It started innocently enough -- a kayak in the Elkhorn Slough. Little
did we (Emma-Cherril and Catharine) know that that this simple dip
into a wildlife refuge would lead to an all-encompassing search, a
few hundred miles of diversion, and hours and hours of laughter.
Piles of soft, cuddly stuffed birds -- squeaky toys, really --
crafted by the Audubon Society filled the rack of the Elkhorn Refuge
Visitor Center. Each bird is a close representation of the actual
species, rendered in poly-fuzz with the bird’s vocalization recorded
on an internal device that can be activated by a soft squeeze.
We, of course, had to try all of them, until with great difficulty
we decided on a robin for Emma and a red-tailed hawk for Catharine.
These were quickly attached to our respective backpacks, and we
By the time we reached Port Townsend, Wash., we were more than
ready for a break from the road. “The Constant Gardener” was playing
at the Rose Theater, and we were happy for the diversion.
Before the show, Emma and I engaged in our recently developed
pastime -- bird talk. That simply meant that her squeaky-toy robin
would call out, while my squeaky-toy red-tail would respond. The
wrinkle here is that a woman five rows back began to laugh and told
us that she too has one of the Audubon birds.
That led to a woman in front of us admitting the same. Suddenly,
the birds were talking, a woman had developed a “squeak” in her
husband’s neck (i.e., she’d squeeze and he’d squawk) and none of us
could stop laughing. We queried the five-row back woman for possible
locations to obtain additional birds and marked down potential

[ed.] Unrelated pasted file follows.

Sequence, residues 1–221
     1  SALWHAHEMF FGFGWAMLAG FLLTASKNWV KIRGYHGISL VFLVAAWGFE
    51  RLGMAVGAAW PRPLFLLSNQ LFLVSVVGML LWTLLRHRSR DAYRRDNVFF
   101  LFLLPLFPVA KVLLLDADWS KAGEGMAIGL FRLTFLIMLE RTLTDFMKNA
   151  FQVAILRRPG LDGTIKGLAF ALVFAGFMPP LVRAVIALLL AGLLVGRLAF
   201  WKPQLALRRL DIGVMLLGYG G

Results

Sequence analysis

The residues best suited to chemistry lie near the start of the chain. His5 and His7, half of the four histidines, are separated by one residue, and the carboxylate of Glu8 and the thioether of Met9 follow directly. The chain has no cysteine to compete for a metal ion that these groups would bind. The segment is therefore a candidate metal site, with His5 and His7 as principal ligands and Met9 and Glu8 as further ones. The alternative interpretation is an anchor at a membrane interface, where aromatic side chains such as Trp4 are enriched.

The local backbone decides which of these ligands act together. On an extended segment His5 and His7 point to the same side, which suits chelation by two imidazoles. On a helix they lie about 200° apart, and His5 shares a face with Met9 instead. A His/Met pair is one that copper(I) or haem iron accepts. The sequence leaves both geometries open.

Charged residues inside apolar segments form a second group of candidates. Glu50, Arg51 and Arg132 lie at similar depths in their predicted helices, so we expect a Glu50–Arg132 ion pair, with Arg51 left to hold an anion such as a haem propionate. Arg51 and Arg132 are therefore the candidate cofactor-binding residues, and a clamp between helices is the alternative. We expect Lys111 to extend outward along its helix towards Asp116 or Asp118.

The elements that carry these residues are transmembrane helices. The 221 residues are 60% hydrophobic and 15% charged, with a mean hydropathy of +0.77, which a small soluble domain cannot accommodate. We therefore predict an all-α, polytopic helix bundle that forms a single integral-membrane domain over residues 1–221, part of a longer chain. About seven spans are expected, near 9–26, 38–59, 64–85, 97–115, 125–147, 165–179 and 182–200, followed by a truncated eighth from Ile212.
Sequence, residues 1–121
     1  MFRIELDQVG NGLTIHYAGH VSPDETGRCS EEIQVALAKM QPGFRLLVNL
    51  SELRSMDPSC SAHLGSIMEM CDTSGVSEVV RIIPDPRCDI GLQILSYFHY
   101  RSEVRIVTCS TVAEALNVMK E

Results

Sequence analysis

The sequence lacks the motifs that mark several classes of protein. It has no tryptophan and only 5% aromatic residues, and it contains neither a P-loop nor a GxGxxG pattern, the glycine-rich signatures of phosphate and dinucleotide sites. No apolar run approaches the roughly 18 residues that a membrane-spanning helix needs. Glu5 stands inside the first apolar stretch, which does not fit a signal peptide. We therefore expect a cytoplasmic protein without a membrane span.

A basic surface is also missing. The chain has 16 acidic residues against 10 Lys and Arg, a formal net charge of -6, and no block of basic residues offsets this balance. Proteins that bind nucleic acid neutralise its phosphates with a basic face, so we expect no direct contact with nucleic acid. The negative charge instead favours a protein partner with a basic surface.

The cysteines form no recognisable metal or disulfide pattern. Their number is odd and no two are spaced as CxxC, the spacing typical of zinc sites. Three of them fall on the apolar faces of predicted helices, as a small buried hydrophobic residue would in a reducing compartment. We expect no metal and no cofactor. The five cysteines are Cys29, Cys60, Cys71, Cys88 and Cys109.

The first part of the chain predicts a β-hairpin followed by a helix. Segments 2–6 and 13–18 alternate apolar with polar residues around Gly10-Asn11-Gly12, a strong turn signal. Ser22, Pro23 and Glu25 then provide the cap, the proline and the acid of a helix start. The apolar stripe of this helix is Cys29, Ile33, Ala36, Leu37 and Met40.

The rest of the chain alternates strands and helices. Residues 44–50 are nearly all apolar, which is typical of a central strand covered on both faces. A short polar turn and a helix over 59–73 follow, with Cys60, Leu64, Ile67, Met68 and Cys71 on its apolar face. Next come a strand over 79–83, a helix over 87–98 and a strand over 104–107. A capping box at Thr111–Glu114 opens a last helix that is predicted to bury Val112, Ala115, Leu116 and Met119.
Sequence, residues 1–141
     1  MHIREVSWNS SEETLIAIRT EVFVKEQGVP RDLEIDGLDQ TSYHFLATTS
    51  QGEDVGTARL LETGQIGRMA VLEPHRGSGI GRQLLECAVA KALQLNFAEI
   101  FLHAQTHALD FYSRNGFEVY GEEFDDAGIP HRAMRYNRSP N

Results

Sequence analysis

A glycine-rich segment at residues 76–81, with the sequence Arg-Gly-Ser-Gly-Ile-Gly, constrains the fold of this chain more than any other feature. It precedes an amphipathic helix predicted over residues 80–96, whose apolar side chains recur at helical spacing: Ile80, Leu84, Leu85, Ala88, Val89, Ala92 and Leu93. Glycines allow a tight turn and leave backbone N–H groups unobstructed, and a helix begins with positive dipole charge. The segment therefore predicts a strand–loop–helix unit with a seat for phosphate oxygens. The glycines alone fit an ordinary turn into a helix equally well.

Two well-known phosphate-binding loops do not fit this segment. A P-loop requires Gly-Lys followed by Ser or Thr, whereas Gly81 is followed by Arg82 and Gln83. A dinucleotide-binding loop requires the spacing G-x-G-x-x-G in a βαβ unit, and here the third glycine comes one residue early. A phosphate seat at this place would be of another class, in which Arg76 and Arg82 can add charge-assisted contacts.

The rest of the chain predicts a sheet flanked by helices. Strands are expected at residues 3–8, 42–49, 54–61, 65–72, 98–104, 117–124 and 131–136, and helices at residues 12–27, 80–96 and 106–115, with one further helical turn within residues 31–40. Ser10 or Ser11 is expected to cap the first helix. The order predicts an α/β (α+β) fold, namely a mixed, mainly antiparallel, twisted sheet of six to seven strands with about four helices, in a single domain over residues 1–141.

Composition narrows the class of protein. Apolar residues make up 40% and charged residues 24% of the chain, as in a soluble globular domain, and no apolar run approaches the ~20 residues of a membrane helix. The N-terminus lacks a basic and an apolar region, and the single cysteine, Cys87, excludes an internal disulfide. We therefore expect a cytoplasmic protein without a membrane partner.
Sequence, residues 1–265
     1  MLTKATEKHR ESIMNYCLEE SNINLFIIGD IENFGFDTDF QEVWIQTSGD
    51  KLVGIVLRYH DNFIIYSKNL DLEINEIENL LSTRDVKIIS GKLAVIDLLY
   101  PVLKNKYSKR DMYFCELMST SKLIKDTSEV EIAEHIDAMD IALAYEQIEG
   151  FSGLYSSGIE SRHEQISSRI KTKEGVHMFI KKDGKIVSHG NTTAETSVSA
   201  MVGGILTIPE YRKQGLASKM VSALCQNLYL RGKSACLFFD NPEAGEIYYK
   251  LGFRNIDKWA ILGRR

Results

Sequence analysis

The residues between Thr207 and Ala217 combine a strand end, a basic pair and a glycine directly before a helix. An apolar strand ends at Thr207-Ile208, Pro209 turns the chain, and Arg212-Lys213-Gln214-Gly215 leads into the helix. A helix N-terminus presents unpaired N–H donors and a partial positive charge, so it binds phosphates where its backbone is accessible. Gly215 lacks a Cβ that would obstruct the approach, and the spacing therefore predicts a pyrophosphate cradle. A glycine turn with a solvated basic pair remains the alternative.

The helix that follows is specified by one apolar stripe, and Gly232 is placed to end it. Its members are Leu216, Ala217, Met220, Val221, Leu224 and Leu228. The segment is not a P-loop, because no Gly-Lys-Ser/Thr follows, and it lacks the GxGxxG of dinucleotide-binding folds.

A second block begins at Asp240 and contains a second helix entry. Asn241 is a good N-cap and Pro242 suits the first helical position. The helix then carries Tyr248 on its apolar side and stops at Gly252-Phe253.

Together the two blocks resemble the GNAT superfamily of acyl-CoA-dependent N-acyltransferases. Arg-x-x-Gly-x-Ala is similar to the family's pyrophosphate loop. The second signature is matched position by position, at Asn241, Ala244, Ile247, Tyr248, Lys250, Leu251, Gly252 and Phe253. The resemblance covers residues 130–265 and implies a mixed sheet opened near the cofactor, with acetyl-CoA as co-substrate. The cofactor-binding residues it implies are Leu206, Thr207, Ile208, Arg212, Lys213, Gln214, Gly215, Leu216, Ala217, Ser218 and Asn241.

addresses for our morning walk.
Before the film, one of the theater’s staff gave a brief
introduction to both the film and upcoming titles. He remarked that
due to popular demand, “March of the Penguins” would be returning for
a 12- week stay. He was, of course, just kidding.
There were birds in Port Townsend -- just none that we could take
home. The general store had two that were broken. The toy store had
birds -- but not squeakies. It was a dry day in birdland -- although
a walk along Fort Warden’s shoreline gifted us a kingfisher, two
herons, an egret and an otter (OK, an otter isn’t a bird, but he was
such a sweet sight).
We headed for Sequim to hike the rainforests and ponder the bay.
Black oystercatchers chattered incessantly, a kingfisher screeched
and fluttered from masthead to tree, and a flock of Canadian geese
honked overhead, then landed in the nearby pond. A harbor seal (OK,
again, not a bird) fished in the shallows near the cottage we had
rented and surprised our early evening meditation when he surfaced
with a salmon clenched in his teeth.
The bird search continued with great success at the Dungeness
River Wild Bird Center. Gifts for Emma’s grandson filled a small
shopping bag. On the Dungeness Spit we saw black brants -- one of the
refuge’s most important inhabitants. The brant is a true sea goose,
able to drink saltwater and eat saltwater plants. It depends on
eelgrass for its survival. Approximately 1,500 brant spend the winter
in the area, but during the spring migration, as many as 8,000 can be
seen on the tidal flats to the east and west of Graveyard spit.
Two-hundred-plus geese on the bay the next morning, and we were
headed south -- not down the coast, but toward the pull of the
Pacific flyway -- the migratory path that leads through Klamath
National Wildlife Refuge.
Our hunch was right about an early migration due to all the odd
We put our kayaks into the refuge waters and found ourselves
surrounded by ducks, dragonflies and damsel flies. Autumn breezes,
heated by the vast volcanic valley, sent spent seedpods skittering
across the surface of the water. Redwing blackbirds raced and
chattered. A bald eagle winged across the ponds, his majesty as
awe-inspiring as promised. Northern harriers, red-tails, gyrfalcons,
willets, long-billed curlews, godwits, pintails, mallards, white
pelicans, common and red-breasted mergansers, roadrunners, grouse,
pheasant -- and yes -- Canadian geese completed the scene.
We briefly stopped at the Klamath National Wildlife Refuge Visitor
Center to gather additional information, and there they were -- the
Audubon birds! This time, no rationing. A tiny quail for Catharine. A
bald eagle for Emma. A bit more squeaky added to the packs. A bit of
silly fun to ease our transition toward home.
* Catharine Cooper loves wild places. She can be reached at